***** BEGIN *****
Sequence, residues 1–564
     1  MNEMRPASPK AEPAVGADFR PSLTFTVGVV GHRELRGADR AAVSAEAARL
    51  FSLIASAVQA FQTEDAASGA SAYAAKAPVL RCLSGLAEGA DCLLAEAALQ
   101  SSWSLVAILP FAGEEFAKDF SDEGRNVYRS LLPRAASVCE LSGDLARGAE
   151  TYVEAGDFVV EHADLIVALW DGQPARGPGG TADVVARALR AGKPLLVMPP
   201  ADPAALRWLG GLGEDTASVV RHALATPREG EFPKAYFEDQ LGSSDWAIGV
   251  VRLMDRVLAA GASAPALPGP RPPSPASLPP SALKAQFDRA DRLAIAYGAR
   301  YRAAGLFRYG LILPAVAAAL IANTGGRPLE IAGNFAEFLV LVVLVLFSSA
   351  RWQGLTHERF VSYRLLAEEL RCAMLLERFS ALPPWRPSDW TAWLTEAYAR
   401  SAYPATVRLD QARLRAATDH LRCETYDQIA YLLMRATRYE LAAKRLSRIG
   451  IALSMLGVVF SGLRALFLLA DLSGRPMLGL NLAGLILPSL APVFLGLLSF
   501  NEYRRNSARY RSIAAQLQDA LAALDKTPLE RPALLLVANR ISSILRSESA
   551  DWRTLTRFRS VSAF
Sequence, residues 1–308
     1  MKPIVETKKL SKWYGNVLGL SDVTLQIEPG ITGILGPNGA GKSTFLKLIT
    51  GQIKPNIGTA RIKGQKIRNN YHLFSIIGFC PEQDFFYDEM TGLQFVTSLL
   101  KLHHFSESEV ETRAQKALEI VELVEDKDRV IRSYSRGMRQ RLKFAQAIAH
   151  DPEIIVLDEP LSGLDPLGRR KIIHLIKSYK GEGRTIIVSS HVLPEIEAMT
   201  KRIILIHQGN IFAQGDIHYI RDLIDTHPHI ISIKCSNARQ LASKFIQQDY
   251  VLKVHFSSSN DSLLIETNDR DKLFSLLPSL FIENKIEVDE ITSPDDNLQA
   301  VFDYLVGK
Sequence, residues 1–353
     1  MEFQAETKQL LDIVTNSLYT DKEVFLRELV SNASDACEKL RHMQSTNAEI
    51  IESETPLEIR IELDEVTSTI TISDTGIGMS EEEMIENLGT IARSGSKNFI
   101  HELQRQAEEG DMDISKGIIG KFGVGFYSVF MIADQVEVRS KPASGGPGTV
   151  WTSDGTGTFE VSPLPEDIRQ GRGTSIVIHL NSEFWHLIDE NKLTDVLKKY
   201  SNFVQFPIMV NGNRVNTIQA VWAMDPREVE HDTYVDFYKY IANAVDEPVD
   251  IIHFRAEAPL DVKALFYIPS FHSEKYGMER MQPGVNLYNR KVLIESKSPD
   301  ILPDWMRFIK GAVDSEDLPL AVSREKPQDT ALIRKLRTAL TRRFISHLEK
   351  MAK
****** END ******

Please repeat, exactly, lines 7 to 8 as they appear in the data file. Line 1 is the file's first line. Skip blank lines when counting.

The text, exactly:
   251  VRLMDRVLAA GASAPALPGP RPPSPASLPP SALKAQFDRA DRLAIAYGAR
   301  YRAAGLFRYG LILPAVAAAL IANTGGRPLE IAGNFAEFLV LVVLVLFSSA